When starting a yoga, Pilates, or gym business, the first step to marketing is defining your brand. Among common marketing mistakes, missing this step is the most detrimental and difficult to reverse. You mustn’t skip this step, because everything that you say or do as a business after that should adhere to that brand.
This article explains how you define your brand from the beginning. If you’re already well underway on your business, it’s okay – better late than never. But it’s worlds more effective to get clear on this up front so all your materials express it.
Here we tell you how to avoid the most common of marketing mistakes, and define your “ethos”.
Soul-searching: Value Proposition
The process begins with some soul-searching. You first need to define your value proposition.
Your business’ value proposition is what you offer clients that makes your service or product worth paying for it instead of paying the competition for it. It must be something your business uniquely offers, or something unique about the way in which you offer it. Answer:
- How are you different from your competition?
- What need can you fill that is not being well-met by competitors?
Be specific! For example, here are the answers for my marketing business:
- My company is different because of our approach to marketing. It is scientific, based on data, and measured. Most marketing companies are filled with creatives and no math people. We have both.
- The need we fill that is otherwise largely un-met in the market is that we offer a scientific, concrete, measurable marketing strategies and tactics. This is the main reason why our clients choose us.
Once you have defined your value proposition, you can take it a step further to define your ethos. In other words, what are the core values that your ideal client would have? What kind of spirit do you want your member community to embody? The basis of your brand and all the expressions of it (e.g., company name, logo, brochures, website, studio decor, equipment you buy) should emanate:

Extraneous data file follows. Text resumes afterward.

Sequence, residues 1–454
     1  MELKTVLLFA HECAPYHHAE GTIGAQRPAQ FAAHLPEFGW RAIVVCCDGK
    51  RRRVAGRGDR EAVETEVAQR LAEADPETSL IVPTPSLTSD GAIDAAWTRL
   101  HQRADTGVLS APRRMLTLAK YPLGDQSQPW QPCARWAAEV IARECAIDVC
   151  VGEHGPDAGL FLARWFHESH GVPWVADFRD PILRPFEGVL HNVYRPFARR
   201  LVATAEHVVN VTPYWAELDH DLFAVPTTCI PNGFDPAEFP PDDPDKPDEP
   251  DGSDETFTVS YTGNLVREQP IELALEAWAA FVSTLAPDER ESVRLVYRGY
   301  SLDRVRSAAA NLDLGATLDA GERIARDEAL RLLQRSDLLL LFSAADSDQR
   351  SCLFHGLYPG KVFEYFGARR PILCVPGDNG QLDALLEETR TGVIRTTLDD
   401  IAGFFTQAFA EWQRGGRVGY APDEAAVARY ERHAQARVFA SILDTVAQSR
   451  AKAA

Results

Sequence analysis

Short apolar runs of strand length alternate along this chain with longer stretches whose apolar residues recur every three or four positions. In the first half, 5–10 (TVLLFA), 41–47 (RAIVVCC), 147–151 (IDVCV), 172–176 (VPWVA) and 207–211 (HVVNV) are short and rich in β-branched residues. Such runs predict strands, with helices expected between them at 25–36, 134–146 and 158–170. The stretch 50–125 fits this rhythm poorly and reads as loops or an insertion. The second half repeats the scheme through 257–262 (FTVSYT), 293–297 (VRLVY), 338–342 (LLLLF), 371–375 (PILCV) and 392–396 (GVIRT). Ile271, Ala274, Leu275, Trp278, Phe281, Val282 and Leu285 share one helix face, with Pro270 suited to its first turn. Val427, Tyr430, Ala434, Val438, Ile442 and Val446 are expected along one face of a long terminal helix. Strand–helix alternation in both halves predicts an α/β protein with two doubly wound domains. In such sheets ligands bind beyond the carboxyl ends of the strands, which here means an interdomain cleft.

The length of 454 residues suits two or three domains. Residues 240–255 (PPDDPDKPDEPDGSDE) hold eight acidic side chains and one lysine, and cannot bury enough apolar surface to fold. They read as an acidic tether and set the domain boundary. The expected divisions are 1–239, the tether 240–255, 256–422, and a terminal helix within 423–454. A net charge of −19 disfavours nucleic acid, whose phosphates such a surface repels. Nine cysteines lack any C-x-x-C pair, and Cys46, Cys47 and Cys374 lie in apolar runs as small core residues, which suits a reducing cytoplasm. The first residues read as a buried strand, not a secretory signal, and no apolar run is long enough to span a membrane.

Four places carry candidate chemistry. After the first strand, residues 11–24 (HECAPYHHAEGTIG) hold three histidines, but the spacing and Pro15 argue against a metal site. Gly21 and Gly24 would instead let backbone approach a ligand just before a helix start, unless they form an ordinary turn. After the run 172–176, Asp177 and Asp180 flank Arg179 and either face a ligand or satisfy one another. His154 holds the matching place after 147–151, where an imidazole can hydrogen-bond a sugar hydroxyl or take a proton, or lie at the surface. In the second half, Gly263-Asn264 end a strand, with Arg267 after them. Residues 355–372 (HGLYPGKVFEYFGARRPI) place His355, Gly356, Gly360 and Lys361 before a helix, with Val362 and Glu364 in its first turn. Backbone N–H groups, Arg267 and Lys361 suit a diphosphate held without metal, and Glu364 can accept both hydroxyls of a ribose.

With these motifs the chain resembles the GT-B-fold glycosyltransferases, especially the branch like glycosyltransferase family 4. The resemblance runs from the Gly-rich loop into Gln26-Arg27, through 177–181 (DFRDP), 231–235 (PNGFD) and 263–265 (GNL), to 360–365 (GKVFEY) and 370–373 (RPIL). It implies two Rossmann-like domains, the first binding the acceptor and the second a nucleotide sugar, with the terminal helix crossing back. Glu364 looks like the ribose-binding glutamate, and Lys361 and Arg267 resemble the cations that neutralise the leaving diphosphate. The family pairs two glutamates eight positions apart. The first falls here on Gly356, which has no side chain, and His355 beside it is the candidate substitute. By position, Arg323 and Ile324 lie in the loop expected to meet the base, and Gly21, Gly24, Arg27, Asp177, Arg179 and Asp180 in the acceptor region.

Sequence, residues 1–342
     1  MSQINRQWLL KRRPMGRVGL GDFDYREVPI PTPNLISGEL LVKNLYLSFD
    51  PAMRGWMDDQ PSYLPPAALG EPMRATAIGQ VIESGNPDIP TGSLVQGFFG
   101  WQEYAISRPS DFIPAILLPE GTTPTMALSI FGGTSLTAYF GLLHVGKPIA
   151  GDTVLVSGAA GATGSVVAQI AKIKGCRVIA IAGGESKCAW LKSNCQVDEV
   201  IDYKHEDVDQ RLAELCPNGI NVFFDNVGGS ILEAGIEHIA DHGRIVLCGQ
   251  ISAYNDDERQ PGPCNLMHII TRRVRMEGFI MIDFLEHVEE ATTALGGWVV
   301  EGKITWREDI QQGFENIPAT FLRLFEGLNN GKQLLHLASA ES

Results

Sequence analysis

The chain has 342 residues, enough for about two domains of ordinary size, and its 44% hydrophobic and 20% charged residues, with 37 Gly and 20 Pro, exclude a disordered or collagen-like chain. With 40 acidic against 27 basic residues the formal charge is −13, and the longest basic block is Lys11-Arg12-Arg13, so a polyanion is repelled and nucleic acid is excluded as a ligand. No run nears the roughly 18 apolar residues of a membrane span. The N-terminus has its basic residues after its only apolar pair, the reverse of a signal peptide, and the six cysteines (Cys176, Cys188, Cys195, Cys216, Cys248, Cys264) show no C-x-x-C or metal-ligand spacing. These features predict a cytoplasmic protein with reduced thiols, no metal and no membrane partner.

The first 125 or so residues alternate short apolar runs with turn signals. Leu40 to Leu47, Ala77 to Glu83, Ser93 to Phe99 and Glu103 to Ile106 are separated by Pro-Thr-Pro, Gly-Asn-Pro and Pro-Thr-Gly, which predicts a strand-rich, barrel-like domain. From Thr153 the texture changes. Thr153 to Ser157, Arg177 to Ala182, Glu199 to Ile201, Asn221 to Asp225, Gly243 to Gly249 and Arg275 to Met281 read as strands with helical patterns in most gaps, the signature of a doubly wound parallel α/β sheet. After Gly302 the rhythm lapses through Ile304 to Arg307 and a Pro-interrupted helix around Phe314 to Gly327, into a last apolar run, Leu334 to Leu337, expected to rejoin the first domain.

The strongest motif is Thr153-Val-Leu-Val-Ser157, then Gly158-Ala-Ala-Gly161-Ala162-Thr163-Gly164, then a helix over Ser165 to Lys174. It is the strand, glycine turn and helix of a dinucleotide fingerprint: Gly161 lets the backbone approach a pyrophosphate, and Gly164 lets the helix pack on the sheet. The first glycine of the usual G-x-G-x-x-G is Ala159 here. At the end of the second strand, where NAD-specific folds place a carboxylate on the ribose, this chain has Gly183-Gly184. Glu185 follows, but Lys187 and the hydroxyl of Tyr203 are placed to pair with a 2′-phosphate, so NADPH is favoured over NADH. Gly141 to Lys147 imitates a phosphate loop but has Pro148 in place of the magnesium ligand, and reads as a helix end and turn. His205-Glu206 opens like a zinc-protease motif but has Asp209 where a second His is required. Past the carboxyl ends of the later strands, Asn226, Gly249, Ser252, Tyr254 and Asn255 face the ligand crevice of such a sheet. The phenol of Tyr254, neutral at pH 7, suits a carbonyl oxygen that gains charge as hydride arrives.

- the beliefs and aspirations that define characteristic spirit of the community you want to create, and
- your value proposition
To fill in #1, start with a brainstorm list of these characteristics/values. Then brainstorm taglines or short phrases that embody their essence. Don’t worry, you don’t have to actually use any of these taglines if you don’t want. It is simply an exercise in defining the “vibe” you want your business to emanate and attract.
Now let’s explore how this translates into expressions of your brand.
Brand Marketing for a Gym
First let’s look at an extreme gym example, for illustration of:
- Successful execution of ethos, and meanwhile
- Ineffective ethos.
David Barton Gym set out from inception in 1992 to be nothing like other gyms. Their ethos brainstorm would’ve included attractiveness, boldness, energy, inspired, awareness, sensual, community, uplifting, feeling good, elitism. They landed on a tagline: “Look better naked”. They were recognized for their interior design, which successfully represented their brand. Their messaging, imagery of perfect bodies, decor, and even their locations (e.g., Vegas, Miami) were in line with this brand.